7. Type the name information at the top of the "Rubric" page. Click the "Rubric" page on the bottom of the sheet and fill out the appropriate information at the top. You do not need to edit the hours completed. This is automatic.

How do I use this?
Using the Field Experiences form is easy! You must add every experience you have using the form alone. This adds all of the information that you need in the way that the system understands. You can open the form directly from link that appears in cell A4 once you complete Step 6 above. You can bookmark the form link on your browser or open it directly on your phone. As you submit experiences via the form, the hours total updates automatically in cell C1 and the competencies total updates in E1 at the top of the "Logs" page.

Can I edit an experience after I submit the form?
Yes. But ONLY on the "Form Responses 1" page below. If you manually edit the form responses, please remember that the Competencies listed in column C must use the same words and punctuation as those listed on the "Log" page. I recommend that you copy and paste.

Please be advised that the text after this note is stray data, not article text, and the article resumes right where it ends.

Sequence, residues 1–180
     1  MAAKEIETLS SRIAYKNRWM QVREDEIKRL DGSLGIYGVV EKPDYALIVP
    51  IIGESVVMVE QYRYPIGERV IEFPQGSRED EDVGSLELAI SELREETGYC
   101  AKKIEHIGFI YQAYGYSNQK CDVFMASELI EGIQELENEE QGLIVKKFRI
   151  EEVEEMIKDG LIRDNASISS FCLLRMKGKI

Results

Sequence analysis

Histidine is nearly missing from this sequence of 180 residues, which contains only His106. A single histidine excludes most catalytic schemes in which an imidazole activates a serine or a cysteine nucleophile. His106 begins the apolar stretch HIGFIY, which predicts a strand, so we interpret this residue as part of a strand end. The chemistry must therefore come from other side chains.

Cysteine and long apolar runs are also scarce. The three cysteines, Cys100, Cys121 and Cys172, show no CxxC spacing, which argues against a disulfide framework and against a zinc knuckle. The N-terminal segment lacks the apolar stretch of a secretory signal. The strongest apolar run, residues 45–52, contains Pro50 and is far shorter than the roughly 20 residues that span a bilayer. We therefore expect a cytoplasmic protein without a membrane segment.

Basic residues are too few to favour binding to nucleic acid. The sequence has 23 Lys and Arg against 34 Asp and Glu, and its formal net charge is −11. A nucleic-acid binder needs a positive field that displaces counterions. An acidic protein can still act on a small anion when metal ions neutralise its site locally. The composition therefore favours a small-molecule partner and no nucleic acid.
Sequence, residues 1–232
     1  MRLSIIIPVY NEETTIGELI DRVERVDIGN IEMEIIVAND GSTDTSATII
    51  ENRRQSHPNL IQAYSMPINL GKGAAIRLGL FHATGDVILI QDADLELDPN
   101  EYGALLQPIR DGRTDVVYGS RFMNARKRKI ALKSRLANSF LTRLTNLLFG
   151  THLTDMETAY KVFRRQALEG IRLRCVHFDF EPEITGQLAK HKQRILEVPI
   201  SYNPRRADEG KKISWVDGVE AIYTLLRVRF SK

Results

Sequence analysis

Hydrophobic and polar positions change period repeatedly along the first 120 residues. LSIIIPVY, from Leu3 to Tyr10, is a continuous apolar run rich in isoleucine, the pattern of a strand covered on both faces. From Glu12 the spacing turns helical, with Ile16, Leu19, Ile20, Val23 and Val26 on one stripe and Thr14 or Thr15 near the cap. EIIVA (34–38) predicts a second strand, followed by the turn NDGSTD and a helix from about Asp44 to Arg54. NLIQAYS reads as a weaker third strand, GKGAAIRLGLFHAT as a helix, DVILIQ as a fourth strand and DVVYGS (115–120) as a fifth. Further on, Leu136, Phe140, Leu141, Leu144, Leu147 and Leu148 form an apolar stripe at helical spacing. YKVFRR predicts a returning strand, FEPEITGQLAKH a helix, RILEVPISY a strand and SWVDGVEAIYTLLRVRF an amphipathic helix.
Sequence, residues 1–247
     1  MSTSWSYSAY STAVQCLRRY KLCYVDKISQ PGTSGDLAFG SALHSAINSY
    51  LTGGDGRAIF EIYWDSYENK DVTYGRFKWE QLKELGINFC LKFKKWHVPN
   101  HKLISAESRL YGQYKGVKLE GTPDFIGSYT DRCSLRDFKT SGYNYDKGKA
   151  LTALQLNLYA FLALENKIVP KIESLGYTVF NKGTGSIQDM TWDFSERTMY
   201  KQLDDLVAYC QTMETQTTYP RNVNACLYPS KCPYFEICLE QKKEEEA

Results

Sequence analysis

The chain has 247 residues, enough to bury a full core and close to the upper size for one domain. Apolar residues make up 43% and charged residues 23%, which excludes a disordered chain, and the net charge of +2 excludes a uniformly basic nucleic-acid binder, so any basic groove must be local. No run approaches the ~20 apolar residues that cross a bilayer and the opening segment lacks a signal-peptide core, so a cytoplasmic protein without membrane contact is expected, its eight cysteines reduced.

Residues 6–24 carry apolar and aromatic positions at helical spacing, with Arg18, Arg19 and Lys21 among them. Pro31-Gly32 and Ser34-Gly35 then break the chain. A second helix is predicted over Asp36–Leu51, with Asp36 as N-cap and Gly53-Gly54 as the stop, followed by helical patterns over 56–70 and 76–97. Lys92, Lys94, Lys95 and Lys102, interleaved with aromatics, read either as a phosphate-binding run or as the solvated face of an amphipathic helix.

Can I change anything on the "Log" page?
Nope. This page updates automatically when you submit a form. It is designed to be printed so that you and your mentor can sign a paper copy. Use the Form Responses page if you want to edit a date or an event.

How about the Rubric page? Can I edit that?
Yes. The only thing that can't be edited are the experiences (in the grey boxes) that are listed under each strand. These come directly from the "Log" page. Everything else is designed to be directly edited or completed after the rubric is printed.

Sunday, October 14, 2018

Google Sheets Powered PO Generator

Writing purchase orders is one of the least favorite parts of my job. It’s often a repetitive and monotonous task that requires a deep dive into a file cabinet, a massive catalog, or both. I created this spreadsheet tool to make POs a little less onerous. This system keeps track of your orders, allows you to take notes, monitors your budget in different budget codes, and will actually generate the printed PO sheet! Make a copy if you would like to use the sheet. I hope you find this as useful as I do.

Setting up the sheet is easy. Just add your vendor information to the Vendor Tab. As a general rule, anything in the sheet with a yellow background can be edited. Anything with a grey or black should not be edited. These are controlled with functions. Adding vendor addresses is a one-time outlay of work. The address will auto-fill on the POs. I include my own information here, too, because there are certainly times when I purchase something from a vendor not on the bid list (Amazon, anyone?) and need to submit a PO with me as the vendor. You can add vendors as you need them, secure in the knowledge that the address will be ready the next time a PO is generated for that seller.